Turning off the computer at night can save energy. But if you’re going to leave it on, here’s something you might want to do with it—figure out the secrets of the universe.
Distributed computing projects spread difficult problems out among numerous computers, sometimes around the world. The SETI@Home project is a well-known example, which searches radio telescope data for evidence of extraterrestrial signals. Another project looks for a special class of prime numbers called Mersenne primes.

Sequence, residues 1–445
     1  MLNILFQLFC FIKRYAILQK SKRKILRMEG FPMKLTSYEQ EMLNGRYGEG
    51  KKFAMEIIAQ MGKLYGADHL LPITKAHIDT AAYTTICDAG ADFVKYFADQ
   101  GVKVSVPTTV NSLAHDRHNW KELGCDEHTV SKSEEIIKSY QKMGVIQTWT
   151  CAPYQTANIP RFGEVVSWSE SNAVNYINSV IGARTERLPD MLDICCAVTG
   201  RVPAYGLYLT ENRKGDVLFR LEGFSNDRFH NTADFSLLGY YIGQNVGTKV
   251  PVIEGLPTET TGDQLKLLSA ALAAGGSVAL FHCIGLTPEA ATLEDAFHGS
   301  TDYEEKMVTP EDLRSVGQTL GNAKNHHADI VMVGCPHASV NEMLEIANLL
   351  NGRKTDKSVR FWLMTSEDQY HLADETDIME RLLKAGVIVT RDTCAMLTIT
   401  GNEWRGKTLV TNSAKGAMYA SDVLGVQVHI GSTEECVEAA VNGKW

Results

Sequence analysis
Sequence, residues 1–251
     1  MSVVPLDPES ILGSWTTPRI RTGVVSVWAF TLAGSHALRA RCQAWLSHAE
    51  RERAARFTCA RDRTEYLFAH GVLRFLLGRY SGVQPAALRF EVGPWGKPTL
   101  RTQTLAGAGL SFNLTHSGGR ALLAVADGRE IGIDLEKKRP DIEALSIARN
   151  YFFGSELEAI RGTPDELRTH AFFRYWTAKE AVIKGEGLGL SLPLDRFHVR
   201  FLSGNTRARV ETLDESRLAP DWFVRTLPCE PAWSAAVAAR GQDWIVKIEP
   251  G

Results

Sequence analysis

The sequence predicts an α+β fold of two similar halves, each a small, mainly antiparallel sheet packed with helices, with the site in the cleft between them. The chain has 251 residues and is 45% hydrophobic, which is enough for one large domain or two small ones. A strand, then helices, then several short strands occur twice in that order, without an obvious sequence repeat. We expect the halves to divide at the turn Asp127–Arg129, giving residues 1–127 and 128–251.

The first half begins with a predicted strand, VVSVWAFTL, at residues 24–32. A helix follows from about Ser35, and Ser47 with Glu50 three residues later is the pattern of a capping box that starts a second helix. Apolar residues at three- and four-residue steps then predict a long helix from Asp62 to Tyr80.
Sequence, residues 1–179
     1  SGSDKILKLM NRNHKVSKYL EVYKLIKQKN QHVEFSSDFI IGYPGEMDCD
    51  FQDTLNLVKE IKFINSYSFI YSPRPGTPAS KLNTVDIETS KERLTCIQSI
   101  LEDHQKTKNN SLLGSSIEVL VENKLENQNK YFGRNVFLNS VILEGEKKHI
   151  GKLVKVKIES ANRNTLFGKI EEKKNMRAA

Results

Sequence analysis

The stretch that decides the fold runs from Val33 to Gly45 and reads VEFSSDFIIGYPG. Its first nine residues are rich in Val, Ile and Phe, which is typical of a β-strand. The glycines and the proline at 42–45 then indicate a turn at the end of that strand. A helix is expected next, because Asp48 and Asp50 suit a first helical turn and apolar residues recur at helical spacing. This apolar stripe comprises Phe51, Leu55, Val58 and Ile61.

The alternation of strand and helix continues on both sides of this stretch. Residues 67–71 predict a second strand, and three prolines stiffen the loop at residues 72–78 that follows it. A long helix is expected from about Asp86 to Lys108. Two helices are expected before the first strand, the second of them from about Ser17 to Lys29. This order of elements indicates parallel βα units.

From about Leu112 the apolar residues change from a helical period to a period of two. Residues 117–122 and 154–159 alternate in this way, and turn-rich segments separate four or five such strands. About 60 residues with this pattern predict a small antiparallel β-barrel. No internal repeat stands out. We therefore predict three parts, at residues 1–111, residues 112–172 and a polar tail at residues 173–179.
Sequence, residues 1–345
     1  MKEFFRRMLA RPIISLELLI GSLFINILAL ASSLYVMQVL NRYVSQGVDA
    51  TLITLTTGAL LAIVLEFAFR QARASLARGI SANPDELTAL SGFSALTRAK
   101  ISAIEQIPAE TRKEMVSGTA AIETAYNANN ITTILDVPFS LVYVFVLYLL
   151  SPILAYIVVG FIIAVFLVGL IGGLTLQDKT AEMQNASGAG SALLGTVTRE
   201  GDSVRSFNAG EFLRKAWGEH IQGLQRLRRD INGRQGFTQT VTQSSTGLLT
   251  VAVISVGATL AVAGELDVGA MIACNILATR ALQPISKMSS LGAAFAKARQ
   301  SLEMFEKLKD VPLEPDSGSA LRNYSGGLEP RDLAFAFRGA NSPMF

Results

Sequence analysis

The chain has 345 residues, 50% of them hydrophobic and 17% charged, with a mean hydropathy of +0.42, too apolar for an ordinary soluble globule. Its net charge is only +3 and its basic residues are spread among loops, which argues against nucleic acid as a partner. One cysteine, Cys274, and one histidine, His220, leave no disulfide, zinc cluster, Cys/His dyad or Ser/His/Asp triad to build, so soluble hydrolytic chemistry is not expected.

Now there’s a new distributed computing project called Cosmology@Home. The idea is that your unused computer power can help in cutting-edge cosmology research. The computers come up with predictions based on different theoretical models of the universe that have different parameters. These predictions can then be compared with the actual data that astronomers generate—data such as the acceleration of the universe, the way galaxies are distributed, even the way the cosmic microwave background radiation fluctuates. The models that make predictions that agree with the real data are probably the ones you can trust. The project is funded by the National Science Foundation. For more info, go to cosmologyathome.org